A new archive exhibition opening at Phonica Records this month charts the rise and rise of the iconic yellow Timberland boot as it turns 45. We’re pretty excited – especially for all the ’90s nostalgia and archive images. They’re an A-lister’s boot of choice at Fashion Week and they’ve long been a hip hop staple (they even have a producer named after them!). But just how did the Timberland boot become such an icon?
The humble yellow Timberland began as a shoe for construction workers. Introduced by Sidney Swartz in 1973, they were a hard-wearing boot that was built to last. But then woke New Yorkers started wearing them in the ’80s – to keep their toes cosy through harsh winters.
Soon they became popular with hip hop artists in the city, too. As well as writing rhymes, Tupac, Biggie Smalls, Mobb Deep and Wu-Tang Clan all stomped about in their Timbs. Then, one Timothy Zachery Mosley was nicknamed Timbaland for his love of the shoe in 1992.
Over in the UK, yellow Timberlands were taking off hard among ’90s ravers – presumably in part because they were a sensible footwear option when trekking out to parties in the woods, but mostly, because they just looked cool.
In the ’00s came J-Lo’s stiletto versions, by Manolo Blahnik – which she made famous in the ‘Jenny from the Block’ video. (Recently Rihanna gave these a re-er-boot as a tribute, in a darker brown shade with a fur trim).
Britney started wearing the aspirational yellow boot at the height of her fame, and so did Jay-Z – as do countless other music royalty to this day, from Drake to Beyoncé, Little Mix to Rita Ora, French Montana, Gwen Stefani, Ellie Goulding, Bebe Rexha, and DJ Khaled.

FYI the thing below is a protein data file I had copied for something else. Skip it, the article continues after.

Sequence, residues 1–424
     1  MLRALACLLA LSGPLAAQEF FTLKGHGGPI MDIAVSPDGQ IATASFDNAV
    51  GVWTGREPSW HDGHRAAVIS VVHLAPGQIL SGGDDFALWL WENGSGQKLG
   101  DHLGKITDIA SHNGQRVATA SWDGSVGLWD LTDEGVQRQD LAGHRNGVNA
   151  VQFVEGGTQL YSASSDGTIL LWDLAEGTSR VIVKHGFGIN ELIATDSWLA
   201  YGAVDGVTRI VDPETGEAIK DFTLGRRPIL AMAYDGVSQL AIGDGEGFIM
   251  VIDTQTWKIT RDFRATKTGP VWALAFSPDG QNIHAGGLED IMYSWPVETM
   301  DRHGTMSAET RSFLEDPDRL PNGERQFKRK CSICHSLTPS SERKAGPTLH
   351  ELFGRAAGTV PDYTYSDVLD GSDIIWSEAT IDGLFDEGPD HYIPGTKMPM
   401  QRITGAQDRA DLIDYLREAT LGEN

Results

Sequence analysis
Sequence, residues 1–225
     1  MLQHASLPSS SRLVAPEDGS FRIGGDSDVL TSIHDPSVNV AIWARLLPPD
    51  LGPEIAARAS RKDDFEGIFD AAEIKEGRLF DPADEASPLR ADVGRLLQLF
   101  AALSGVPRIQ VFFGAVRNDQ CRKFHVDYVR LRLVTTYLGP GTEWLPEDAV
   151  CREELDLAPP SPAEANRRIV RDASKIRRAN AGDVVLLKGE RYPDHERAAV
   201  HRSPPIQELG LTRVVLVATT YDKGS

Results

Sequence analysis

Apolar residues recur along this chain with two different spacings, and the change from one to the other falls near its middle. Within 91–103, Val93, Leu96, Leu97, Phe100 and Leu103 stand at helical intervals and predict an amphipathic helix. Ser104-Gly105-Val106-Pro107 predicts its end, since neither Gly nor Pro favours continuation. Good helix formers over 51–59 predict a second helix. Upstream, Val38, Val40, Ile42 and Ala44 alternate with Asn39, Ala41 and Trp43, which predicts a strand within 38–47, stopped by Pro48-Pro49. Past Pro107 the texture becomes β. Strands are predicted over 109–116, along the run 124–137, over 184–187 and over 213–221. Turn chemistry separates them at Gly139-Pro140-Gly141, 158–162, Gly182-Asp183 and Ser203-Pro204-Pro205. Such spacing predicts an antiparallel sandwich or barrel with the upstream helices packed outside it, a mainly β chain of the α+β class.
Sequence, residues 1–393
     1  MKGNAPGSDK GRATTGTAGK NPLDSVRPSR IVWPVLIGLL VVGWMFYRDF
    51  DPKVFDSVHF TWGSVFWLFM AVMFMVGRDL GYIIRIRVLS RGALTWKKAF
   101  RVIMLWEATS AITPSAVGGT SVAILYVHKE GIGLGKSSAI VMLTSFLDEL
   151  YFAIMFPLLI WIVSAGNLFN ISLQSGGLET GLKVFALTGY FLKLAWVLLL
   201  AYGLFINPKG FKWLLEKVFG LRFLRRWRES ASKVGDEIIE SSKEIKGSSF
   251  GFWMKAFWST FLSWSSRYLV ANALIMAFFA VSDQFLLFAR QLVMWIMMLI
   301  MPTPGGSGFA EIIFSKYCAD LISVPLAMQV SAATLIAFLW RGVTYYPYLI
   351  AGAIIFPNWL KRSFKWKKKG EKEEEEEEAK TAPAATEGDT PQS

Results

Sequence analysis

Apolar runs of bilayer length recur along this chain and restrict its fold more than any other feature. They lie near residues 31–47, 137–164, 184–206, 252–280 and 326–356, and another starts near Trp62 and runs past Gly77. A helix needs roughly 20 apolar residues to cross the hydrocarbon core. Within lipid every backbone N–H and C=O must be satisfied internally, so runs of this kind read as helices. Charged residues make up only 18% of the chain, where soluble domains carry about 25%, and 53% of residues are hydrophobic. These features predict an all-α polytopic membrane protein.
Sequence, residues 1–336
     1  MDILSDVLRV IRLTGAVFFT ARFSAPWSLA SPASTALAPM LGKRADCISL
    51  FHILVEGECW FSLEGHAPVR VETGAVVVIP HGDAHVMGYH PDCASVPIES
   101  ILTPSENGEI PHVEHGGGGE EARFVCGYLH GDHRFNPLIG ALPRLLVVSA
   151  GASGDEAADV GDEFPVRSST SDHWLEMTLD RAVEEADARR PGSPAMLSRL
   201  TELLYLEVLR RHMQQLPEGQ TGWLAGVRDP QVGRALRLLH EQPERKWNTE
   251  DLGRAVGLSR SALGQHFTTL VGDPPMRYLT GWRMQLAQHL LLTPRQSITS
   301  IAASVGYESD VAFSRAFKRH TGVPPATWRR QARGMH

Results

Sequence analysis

And it’s not just stars in the music industry who love their Timbs – the brand counts celebs like Khloé Kardashian among their fans. One thing’s for certain – Timberlands aren’t going anywhere.
The exhibition celebrates this iconic status, as well as showing off some rare archive boots in collaboration with Pharrell Williams – the nature-inspired 50 percent organic cotton Pharrell Bee Line boot has a honeycomb pattern.
You’ll also get to witness Timberland’s newest collab at the exhibition: as this season it partners with Unsplash, a social platform for photographers around the world, in its first-ever community-generated boot campaign. This Celebrating Boots concept will create a truly international, diverse and inclusive image of the esteemed boot brand.
The limited-edition 45th anniversary boot collection will also be unveiled – available to buy at the beginning of November. The refreshed boots boast sapphire detail, premium two-tone yellow and sapphire laces, and a tongue embossed with the new 45th anniversary logo.
Whether you’re a footwear aficionado or a massive music fan (or both) be sure to drop by Phonica Records from November 9-10 to see the archive boots up close, and delve into the history of this quintessential music and fashion staple.
Timberland’s Celebrate the Icons exhibition runs from 11am-6pm on Nov 9-10. Phonica Records, 51 Poland St, W1F 7LZ. Tube: Oxford Circus.
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